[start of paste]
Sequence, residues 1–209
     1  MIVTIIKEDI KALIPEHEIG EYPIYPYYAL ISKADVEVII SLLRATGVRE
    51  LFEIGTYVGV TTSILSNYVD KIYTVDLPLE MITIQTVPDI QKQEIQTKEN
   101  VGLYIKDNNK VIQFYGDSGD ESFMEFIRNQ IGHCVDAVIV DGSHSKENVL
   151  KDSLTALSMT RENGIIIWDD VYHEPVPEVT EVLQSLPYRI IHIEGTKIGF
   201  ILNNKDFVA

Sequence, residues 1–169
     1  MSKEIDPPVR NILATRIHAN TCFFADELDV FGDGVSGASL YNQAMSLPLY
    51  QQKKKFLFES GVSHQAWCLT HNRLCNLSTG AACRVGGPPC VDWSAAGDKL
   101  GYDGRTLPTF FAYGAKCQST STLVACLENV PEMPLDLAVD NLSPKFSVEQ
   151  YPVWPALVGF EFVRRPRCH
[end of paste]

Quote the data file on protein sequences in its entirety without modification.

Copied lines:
Sequence, residues 1–209
     1  MIVTIIKEDI KALIPEHEIG EYPIYPYYAL ISKADVEVII SLLRATGVRE
    51  LFEIGTYVGV TTSILSNYVD KIYTVDLPLE MITIQTVPDI QKQEIQTKEN
   101  VGLYIKDNNK VIQFYGDSGD ESFMEFIRNQ IGHCVDAVIV DGSHSKENVL
   151  KDSLTALSMT RENGIIIWDD VYHEPVPEVT EVLQSLPYRI IHIEGTKIGF
   201  ILNNKDFVA

Sequence, residues 1–169
     1  MSKEIDPPVR NILATRIHAN TCFFADELDV FGDGVSGASL YNQAMSLPLY
    51  QQKKKFLFES GVSHQAWCLT HNRLCNLSTG AACRVGGPPC VDWSAAGDKL
   101  GYDGRTLPTF FAYGAKCQST STLVACLENV PEMPLDLAVD NLSPKFSVEQ
   151  YPVWPALVGF EFVRRPRCH